NSA Gave Canada Money For Surveillance Program

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The National Security Agency paid Canada to help develop its surveillance capabilities, according to documents published by Glen Greenwald in a new book. | Photo Illustration

The National Security Agency paid Canada to help develop its surveillance capabilities, according to documents published by Glenn Greenwald in a new book.

In "No Place To Hide", Greenwald, the journalist who has been the conduit for the Edward Snowden leaks, reveals that Canada was the fourth largest recipient of money in 2012 from an NSA program aimed at helping partner nations cover "R&D and technology costs." Only Pakistan, Jordan and Ethiopia received more funding. The document does not provide an exact sum but suggests Canada received somewhere between $300,000 and $400,000 in 2012.

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The book also provides insight into how the NSA views its relationship with Canada's electronic surveillance agency CSEC. In a redacted document, the NSA details how it co-operates with CSEC in "targeting approximately 20 high-priority countries." The specific nations are not included and the section following the statement is blacked out.

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The document also notes what CSEC gives the NSA, including opening "covert sites at the request" of the U.S. agency and sharing its "unique geographic access to areas unavailable to the U.S."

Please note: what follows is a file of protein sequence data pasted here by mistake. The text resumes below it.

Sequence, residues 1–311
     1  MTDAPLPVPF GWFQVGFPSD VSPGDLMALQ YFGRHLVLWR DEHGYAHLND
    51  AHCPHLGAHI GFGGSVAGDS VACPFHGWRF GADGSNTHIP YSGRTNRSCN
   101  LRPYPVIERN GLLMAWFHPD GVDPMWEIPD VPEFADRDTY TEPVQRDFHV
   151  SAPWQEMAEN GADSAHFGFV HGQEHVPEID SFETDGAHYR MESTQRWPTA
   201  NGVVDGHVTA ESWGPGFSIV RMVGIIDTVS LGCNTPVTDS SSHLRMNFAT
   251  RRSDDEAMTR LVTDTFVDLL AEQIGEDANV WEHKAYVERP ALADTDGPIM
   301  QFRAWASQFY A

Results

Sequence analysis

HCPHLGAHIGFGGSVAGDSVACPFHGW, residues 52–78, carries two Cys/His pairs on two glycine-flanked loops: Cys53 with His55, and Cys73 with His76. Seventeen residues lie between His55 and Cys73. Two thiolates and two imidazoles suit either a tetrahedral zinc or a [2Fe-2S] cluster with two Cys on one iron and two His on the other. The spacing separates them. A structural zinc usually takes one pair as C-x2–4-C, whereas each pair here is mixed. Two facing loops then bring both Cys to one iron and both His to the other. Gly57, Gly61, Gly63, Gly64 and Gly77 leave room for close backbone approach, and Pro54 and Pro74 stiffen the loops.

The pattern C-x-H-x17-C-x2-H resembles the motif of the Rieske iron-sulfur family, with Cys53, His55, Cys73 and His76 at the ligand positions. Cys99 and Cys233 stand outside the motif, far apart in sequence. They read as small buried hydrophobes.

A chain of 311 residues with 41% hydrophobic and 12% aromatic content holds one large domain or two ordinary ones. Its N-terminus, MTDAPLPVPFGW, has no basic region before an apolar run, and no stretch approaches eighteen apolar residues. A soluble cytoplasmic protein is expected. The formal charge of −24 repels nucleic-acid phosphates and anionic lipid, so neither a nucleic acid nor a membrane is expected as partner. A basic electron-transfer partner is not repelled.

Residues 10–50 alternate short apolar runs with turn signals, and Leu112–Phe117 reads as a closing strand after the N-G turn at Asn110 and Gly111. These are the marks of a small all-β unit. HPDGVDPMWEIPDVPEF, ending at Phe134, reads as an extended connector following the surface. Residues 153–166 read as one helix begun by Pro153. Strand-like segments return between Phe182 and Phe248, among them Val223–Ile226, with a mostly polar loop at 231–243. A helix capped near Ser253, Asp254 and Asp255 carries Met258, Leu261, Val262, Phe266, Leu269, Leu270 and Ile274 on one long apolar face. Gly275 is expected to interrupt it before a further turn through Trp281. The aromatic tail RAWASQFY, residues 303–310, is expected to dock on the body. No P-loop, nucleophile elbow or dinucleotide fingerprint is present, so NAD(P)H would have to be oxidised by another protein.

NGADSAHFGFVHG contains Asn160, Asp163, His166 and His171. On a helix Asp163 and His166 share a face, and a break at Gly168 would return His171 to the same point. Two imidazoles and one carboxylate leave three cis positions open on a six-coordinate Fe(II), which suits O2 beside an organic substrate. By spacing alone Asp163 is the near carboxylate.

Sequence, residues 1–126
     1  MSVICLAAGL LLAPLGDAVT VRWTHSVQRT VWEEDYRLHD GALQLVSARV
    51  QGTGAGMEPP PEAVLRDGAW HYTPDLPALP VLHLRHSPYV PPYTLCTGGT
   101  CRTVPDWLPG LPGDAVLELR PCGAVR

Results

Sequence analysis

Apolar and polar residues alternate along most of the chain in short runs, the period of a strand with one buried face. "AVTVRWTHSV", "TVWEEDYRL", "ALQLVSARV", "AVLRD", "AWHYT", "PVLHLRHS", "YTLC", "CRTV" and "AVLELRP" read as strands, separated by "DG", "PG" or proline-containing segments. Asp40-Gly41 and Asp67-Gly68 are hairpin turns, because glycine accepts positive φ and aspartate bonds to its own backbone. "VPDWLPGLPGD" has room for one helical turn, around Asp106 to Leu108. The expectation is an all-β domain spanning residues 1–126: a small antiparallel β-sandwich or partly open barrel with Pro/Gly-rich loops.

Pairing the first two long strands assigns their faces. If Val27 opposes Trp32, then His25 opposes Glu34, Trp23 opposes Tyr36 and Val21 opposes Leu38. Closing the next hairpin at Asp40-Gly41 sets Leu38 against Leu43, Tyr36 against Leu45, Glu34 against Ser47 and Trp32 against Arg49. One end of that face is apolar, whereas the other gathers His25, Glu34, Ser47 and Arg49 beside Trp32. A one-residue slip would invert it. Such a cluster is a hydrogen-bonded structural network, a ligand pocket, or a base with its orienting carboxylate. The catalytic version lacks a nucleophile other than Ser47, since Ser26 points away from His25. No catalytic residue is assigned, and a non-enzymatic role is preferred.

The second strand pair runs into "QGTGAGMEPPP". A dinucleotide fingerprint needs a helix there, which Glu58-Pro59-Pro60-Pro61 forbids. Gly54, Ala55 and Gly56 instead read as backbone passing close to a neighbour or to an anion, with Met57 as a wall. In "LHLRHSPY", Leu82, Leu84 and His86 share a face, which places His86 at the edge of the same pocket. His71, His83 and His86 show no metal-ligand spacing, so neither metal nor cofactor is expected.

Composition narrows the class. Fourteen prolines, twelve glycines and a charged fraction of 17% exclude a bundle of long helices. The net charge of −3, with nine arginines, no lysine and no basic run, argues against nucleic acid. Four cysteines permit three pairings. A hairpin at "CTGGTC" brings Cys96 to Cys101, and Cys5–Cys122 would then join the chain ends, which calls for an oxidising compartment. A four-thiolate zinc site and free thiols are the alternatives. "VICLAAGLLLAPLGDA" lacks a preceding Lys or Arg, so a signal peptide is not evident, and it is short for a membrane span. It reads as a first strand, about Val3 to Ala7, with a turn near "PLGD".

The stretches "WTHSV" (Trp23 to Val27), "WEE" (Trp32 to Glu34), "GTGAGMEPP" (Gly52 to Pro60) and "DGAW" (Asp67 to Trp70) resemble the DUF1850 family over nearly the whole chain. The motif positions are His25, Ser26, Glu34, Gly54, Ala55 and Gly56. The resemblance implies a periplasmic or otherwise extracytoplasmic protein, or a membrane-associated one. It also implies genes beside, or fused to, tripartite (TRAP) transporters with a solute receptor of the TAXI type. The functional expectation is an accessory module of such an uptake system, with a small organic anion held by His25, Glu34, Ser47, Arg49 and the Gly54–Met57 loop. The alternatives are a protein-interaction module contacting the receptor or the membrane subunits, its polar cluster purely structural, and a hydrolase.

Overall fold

CSEC is not supposed to spy on Canadians but has admitted that it sometimes "incidentally" monitors citizens. The new documents raise questions about how much data intercepted in Canada is being shared with the NSA.

Canada is a member of the surveillance alliance known as the Five Eyes, which includes the U.S., U.K., Australia and New Zealand. In an NSA document from "No Place To Hide" the group is characterized as taking part in "comprehensive cooperation."

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Greenwald's book also revisits how CSEC conducted espionage targeting Brazil's mining industry.

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CSEC previously told the Globe and Mail that it does sometimes receive foreign funding as part of the Five Eyes alliance and last fall a spokesperson told the newspaper that the money is used to pursue "cryptologic research." Cryptology is the science of breaking codes.

The documents in Greenwald's book are the first direct evidence that the NSA, and not the Five Eyes alliance as a whole, has provided funding to Canada.

In "No Place To Hide," Greenwald suggests that the money comes at a price: "By paying its partner to develop certain technologies and engage in surveillance" the NSA "can thus direct how the spying is carried out."

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